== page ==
Professionally Working Like a Professional Athlete

A career is a journey, and before you go on any journey, you need to have the right mindset and tools to get to your destination. I recently reflected on how much impact professional athletes have on the world…

It doesn’t matter what sport they compete in, the successful ones make an everlasting impact both on the field and off the field. One man that would fit such criteria is Mohammed Salah. Mohammed Salah is a Muslim, Egyptian, Professional Soccer Athlete, who plays for Liverpool FC in England’s Premier League. He has become a cornerstone of Liverpool’s starting 11 players, and helped the team achieve great success over the past 2 years and continues to do so.

However, this article is not dedicated to highlight achievements of a particular person, it is about you and I, the average working professional or soon to be a working professional, and what we can learn from professional athletes. Here are some of the traits that are fundamental to success:

1- Putting in the work, day in and day out.

There is no such thing as excuses. You won’t say things like “But look at everyone else, why should I put in the work when they aren’t?”. You won’t treat or view yourself as other people. You know how competitive the work environment is and you know that you are no longer just competing with humans but with robots and automation. You need to continuously learn and improve your skills and be able to add value that no one else can.

2- Delivering results despite the odds.

In a professional athletic team, if you are a player who doesn’t score “enough” goals, the team will “buy” another player who can. Then bench you, if not sell you, period. There are no emotions involved, it is all about performance. It is not sufficient to just score, you have to do it repeatedly and consistently. You may argue that the other players on the team don’t create enough chances for you to shine or give you more opportunities to score goals, but guess what? No one cares. Whether they should care is a different question, we are talking about current state of things. Teams will want a player who can create opportunities for themselves, and others. You need to be that. However, under NO circumstances do ends justify the means, if you can’t deliver results ethically and morally, then the following point is key.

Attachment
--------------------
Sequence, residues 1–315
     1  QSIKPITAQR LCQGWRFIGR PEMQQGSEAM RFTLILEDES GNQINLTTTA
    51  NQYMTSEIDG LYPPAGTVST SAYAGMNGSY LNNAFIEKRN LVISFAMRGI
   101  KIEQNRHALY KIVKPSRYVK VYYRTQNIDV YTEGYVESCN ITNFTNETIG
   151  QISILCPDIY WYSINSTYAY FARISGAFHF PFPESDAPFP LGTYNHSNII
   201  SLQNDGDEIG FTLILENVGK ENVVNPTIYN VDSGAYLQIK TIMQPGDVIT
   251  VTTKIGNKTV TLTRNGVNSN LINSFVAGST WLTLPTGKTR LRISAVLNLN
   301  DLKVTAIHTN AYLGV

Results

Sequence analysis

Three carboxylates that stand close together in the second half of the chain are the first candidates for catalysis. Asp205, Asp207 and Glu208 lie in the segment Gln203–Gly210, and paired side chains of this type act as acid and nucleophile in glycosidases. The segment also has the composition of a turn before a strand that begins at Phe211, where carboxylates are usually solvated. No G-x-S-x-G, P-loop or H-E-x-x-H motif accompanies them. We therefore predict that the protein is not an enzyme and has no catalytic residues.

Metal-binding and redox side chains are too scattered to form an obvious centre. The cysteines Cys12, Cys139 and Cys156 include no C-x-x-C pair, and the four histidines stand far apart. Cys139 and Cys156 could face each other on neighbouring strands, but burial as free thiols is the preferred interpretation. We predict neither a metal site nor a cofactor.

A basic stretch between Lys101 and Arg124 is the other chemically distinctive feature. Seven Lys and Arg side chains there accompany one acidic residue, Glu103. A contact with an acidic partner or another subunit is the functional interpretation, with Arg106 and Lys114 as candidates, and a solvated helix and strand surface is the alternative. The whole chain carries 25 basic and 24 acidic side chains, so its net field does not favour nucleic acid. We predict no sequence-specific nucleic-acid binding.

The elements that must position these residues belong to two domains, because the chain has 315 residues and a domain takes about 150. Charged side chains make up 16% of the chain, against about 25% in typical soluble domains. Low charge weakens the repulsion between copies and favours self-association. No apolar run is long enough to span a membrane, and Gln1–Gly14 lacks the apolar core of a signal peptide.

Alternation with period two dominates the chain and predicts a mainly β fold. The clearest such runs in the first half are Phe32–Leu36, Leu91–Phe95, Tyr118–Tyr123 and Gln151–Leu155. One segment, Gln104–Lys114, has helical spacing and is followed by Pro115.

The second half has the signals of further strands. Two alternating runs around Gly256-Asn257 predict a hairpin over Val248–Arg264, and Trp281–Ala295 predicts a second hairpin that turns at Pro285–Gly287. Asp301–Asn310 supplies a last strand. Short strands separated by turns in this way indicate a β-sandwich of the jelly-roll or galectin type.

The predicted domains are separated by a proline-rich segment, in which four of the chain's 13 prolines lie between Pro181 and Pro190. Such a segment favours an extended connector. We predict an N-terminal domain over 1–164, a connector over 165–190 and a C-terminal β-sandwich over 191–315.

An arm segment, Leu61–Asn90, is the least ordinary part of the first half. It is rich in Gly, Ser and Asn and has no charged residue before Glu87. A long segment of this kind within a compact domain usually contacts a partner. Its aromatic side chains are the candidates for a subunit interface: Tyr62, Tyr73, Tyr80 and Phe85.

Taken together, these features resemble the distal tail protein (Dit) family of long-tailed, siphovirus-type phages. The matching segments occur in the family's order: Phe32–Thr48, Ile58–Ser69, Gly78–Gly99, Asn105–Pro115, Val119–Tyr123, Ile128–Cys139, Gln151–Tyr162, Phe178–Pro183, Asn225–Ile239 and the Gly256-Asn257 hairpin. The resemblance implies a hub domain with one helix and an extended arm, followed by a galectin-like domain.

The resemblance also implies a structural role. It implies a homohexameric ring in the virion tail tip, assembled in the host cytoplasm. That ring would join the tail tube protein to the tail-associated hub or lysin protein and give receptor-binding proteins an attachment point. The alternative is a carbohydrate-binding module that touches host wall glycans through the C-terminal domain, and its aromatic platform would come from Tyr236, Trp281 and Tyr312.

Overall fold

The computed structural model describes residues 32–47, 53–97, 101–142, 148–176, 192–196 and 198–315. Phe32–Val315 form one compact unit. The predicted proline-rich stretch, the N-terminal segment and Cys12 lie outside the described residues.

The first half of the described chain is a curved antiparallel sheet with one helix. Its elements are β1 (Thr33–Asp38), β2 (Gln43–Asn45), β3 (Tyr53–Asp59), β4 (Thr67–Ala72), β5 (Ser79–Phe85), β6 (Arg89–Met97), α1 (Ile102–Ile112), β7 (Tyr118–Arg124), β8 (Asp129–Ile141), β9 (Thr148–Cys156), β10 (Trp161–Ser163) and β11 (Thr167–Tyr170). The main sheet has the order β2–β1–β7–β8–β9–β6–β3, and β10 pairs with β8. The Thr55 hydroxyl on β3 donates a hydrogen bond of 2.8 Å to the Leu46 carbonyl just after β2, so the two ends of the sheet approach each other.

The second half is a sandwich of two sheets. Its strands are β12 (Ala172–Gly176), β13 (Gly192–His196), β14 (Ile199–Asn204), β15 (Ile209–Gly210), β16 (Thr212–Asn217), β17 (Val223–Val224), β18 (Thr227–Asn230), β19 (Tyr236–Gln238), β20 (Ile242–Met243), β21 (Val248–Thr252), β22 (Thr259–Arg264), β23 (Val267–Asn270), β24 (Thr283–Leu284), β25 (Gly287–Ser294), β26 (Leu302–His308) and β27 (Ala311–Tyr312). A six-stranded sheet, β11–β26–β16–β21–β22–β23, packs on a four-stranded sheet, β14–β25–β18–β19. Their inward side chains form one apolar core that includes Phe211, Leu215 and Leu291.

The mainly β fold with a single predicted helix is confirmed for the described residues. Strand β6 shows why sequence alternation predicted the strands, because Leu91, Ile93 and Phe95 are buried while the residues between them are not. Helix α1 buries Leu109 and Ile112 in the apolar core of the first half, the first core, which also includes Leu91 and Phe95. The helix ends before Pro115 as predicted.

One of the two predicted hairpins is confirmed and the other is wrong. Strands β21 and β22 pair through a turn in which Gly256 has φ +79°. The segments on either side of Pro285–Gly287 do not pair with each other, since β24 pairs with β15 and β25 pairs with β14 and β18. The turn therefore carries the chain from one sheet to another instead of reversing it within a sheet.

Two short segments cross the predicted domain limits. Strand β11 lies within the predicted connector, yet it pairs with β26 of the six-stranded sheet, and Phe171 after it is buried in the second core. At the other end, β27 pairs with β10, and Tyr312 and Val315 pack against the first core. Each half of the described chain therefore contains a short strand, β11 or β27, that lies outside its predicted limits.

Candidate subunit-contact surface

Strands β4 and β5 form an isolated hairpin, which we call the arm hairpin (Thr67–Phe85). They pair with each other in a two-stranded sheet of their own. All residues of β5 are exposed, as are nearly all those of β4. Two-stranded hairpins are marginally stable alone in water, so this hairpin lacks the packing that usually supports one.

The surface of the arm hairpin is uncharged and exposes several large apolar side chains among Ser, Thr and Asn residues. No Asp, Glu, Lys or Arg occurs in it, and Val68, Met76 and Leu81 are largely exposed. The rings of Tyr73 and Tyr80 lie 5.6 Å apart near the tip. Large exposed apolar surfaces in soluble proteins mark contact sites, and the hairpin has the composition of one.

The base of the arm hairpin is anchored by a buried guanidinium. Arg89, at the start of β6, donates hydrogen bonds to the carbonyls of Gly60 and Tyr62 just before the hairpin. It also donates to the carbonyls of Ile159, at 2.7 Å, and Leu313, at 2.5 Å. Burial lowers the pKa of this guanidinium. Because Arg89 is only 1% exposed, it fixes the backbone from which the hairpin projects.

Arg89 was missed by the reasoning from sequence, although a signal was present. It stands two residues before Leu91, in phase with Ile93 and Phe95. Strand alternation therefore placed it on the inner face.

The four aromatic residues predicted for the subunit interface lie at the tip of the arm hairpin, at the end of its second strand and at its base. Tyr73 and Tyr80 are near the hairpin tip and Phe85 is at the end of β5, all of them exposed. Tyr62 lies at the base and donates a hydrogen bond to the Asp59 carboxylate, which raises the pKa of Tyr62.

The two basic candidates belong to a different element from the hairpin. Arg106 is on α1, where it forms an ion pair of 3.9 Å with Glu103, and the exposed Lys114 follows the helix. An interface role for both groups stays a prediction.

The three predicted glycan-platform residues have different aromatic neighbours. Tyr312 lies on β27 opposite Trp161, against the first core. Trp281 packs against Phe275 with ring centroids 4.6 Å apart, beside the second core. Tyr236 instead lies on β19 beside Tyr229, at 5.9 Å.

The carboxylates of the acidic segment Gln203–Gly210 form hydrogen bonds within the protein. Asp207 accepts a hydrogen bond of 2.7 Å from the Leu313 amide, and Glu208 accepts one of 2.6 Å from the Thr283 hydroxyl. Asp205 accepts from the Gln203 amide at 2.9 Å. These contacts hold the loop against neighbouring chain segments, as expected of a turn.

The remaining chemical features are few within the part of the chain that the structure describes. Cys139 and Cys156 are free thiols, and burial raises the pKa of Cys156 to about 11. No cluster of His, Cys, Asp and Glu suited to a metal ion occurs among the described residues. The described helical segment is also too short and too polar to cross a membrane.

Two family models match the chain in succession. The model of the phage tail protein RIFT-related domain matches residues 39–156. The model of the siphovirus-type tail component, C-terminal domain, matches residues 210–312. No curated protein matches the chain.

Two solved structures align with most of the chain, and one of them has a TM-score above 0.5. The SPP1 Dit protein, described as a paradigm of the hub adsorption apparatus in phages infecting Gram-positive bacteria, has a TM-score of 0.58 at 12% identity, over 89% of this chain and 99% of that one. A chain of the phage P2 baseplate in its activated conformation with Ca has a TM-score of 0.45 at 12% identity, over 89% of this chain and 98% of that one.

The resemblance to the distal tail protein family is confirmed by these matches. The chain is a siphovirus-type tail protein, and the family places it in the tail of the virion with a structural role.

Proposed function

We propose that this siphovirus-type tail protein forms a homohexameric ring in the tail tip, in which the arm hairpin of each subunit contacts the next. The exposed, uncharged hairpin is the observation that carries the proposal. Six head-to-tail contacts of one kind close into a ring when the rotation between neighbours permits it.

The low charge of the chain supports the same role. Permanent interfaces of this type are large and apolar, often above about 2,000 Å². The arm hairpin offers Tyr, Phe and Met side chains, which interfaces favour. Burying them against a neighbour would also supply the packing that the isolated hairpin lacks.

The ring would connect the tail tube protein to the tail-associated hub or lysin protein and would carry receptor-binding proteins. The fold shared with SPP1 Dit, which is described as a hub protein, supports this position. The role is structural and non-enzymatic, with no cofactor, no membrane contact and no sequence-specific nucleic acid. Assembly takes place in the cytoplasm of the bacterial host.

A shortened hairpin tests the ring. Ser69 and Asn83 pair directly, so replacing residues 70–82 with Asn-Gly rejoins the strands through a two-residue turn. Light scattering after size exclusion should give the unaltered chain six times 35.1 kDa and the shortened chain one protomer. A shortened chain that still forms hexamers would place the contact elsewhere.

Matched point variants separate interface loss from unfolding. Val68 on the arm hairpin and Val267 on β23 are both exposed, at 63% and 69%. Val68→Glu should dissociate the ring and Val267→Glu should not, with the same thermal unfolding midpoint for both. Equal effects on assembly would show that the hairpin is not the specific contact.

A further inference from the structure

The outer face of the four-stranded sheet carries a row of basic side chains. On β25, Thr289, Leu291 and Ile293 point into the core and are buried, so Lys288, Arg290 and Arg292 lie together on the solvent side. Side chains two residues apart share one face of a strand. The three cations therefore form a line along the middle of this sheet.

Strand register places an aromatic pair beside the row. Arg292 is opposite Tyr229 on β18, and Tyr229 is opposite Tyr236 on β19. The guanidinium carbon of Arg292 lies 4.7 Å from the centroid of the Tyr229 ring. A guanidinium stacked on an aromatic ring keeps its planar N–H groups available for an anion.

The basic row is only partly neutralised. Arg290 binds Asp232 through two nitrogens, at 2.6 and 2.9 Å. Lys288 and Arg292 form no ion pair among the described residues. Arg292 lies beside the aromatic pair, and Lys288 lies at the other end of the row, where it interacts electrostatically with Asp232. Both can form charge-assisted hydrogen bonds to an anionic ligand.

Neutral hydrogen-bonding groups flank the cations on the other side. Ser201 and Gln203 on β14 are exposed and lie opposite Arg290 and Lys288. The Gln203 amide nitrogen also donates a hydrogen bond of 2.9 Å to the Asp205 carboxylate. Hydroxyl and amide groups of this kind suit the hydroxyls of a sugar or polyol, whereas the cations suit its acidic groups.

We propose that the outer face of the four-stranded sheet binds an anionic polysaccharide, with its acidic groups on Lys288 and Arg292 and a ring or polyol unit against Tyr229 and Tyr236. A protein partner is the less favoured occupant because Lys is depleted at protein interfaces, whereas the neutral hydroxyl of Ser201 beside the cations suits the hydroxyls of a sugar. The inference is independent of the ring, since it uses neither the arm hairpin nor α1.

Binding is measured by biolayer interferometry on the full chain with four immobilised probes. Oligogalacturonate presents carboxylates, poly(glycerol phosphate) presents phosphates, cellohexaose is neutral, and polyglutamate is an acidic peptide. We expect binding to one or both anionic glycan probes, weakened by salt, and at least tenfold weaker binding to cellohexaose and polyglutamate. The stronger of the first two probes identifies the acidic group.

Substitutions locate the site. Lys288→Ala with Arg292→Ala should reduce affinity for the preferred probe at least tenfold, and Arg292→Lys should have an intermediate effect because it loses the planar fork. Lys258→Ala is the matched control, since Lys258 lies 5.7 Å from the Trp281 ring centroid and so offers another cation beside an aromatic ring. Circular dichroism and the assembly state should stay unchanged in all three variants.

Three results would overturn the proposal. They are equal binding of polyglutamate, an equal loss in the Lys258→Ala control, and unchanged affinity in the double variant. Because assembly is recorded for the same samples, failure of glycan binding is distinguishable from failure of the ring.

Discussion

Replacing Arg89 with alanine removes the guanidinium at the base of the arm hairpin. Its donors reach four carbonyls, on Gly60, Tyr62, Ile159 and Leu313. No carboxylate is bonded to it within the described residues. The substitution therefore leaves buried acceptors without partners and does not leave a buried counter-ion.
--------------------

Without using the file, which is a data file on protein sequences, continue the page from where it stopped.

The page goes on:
3- Being part of a team that you can add value to and one that allows you to grow.

If you are not getting enough game time, you have one of two options; you work your butt off trying to convince your manager you deserve game time even though there might be other players who are genuinely better than you OR you go find another team where you can add value and grow at the same time. Being unable to deliver results in one team, doesn’t mean you are a bad or unskilled player (assuming you are doing everything you can), it just means you need the right environment that enables the realization of such results. After all, we can only control our efforts and diligence, not the outcome.

4- Accepting that nothing goes according to plan, and failure is bound to happen.

You understand that you can have a perfect plan as to how your career will play out, but it can easily go in a different direction. You are flexible and wise to foresee the new paths that opened. Paths open and close all the time, it just depends on what criteria you have that defines what an open path looks like. Don’t feel limited in your career progression to a particular industry, or a company. Maybe it is better for you to do a career detour where you gain skills that allow you to get back to what you wanted to do initially, or even better, discover something new you like that you thought never existed.

5- Playing the long game and making moves when time is right.

When you are first starting out, you don’t say things like “I’m not going to perform well because I’m not getting paid well” or “what you are asking me is above/below my pay-grade” or “I will only do this work if it pays above average”. There is something new to learn in every task no matter how insignificant or alternatively outside of your comfort zone. When you first start a job, you have to earn your badges. Help people out however you can, establish trust, take initiative, and be humble. When you evaluate a job opportunity, you look at the skills and knowledge you will be able to develop as opposed to how much you will get paid, especially if you are just starting out your career. God knows how many jobs exist that pay big bucks where you don’t learn or advance your skills whatsoever.

6- Working on weaknesses.

As you learn new things, you are vigilant in noticing your own weaknesses and work on getting better at those things you are not so good at. If you are good at looking at excel sheets, but not as good presenting what’s on them, you don’t take another excel course and score a 100 to feel good about yourself, you find a public speaking class or workshop and put your effort there. This will allow you to really realize your full potential.


If you are someone who reads professional development books, this is not news to you, but I find it helpful to always come across reminders that motivate us to keep working hard to better our lives and those around us.



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Omar Hamdy

Omar Hamdy

Engineering Graduate who enjoys writing as a hobby.